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Combat in Games

  • Author(s): Osborn, JC
  • Lederle-Ensign, D
  • Wardrip-Fruin, NG
  • Mateas, M
  • et al.
Abstract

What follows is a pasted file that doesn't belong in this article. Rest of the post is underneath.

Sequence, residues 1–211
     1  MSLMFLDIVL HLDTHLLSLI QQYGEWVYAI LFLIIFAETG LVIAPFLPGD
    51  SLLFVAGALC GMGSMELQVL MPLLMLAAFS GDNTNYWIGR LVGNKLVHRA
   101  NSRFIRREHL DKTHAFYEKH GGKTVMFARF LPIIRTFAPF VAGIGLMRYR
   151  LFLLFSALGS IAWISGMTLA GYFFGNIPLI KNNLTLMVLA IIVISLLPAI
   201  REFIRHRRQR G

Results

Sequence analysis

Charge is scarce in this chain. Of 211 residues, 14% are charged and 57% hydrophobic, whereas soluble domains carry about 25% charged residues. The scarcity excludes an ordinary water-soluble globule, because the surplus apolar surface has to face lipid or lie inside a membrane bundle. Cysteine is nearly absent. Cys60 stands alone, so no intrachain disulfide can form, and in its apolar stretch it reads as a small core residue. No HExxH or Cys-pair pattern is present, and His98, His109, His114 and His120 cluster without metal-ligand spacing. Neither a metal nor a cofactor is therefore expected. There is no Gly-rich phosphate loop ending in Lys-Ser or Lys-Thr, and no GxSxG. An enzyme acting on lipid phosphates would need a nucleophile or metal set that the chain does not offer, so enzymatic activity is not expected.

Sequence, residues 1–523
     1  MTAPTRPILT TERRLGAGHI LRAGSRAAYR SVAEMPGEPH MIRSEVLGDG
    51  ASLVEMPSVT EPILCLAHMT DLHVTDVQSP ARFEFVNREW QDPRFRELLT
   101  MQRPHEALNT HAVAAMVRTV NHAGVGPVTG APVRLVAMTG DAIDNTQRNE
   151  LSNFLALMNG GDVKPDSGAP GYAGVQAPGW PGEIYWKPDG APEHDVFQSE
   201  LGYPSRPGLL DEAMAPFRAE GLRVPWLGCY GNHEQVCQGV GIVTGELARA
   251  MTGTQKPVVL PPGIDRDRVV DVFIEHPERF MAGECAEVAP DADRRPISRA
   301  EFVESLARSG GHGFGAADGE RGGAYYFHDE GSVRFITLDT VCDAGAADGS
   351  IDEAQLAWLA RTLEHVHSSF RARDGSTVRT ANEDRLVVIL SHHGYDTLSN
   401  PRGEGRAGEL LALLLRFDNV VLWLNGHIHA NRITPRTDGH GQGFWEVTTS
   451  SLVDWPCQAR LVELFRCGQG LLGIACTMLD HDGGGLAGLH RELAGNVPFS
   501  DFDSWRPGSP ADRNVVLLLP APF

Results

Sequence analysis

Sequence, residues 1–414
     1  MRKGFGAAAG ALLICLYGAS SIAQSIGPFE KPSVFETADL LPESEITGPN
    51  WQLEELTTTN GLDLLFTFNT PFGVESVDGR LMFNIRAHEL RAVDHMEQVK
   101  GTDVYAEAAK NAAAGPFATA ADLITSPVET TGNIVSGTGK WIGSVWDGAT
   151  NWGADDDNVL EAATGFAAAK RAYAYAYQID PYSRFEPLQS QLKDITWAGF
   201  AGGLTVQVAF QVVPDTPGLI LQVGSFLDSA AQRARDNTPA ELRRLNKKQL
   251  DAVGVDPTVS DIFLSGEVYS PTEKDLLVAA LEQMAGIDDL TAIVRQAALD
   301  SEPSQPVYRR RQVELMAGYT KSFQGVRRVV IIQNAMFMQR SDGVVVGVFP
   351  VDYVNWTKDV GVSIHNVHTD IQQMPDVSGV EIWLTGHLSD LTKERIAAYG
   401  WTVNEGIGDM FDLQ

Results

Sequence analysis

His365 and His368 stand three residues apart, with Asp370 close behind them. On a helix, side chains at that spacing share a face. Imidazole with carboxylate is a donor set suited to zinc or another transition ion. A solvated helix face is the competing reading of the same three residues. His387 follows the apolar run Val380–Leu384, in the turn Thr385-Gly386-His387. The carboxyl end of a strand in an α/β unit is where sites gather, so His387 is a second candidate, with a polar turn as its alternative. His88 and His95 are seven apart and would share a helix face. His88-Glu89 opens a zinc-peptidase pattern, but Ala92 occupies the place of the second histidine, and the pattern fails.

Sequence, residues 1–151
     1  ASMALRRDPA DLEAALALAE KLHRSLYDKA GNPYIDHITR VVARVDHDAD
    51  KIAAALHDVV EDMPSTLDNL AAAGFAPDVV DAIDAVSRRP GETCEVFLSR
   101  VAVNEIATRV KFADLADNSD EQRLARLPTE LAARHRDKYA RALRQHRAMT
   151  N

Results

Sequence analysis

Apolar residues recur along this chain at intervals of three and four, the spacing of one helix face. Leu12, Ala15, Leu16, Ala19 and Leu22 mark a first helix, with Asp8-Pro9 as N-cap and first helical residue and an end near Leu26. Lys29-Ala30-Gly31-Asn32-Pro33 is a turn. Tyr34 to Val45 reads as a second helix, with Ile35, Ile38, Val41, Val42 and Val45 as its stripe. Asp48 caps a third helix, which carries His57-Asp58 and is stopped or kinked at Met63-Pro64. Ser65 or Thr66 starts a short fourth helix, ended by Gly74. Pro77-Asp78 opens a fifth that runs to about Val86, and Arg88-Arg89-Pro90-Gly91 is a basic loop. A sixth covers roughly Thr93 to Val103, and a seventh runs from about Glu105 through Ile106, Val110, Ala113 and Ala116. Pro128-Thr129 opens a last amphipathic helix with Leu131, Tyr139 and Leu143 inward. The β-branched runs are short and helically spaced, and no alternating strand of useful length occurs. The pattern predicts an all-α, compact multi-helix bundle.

While the game design and game studies communities have analyzed combat both in specific games and game genres, and while combat is clearly central to many types of games, there is no general account of combat that is portable across diverse games. We provide such an account in the form of criteria which are satisfied by games that players inter- pret as “having combat.” These requirements are eventually fulfilled via operational logics, which tie the game’s observ- able behavior (including its instantial assets) to play expe- riences and cultural knowledge, creating what we refer to as a “combat model.” In addition to establishing a com- prehensive model of combat, making it possible to discuss combat across game genres, this work is the first to describe how complex playable models are constructed from composi- tions of operational logics working in concert; we also define two families of logics which are novel in the literature. This broad model of combat has already proved useful in practice, yielding insights in the analysis of the art game Unmanned; it also promises exciting computational applications in areas such as game design support tools and general game playing.

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